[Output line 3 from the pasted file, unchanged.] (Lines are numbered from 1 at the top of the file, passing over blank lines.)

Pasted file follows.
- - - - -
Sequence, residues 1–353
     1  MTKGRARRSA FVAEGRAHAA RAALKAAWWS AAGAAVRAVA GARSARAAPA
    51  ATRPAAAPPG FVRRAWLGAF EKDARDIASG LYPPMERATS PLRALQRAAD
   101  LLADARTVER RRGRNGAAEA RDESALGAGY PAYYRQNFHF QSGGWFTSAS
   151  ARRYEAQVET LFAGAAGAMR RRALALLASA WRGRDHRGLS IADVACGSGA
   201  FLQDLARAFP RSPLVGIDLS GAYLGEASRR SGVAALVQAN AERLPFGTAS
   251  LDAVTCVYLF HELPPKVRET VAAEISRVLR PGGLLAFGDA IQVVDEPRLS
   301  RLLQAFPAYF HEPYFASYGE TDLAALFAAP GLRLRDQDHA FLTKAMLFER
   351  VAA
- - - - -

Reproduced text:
    51  ATRPAAAPPG FVRRAWLGAF EKDARDIASG LYPPMERATS PLRALQRAAD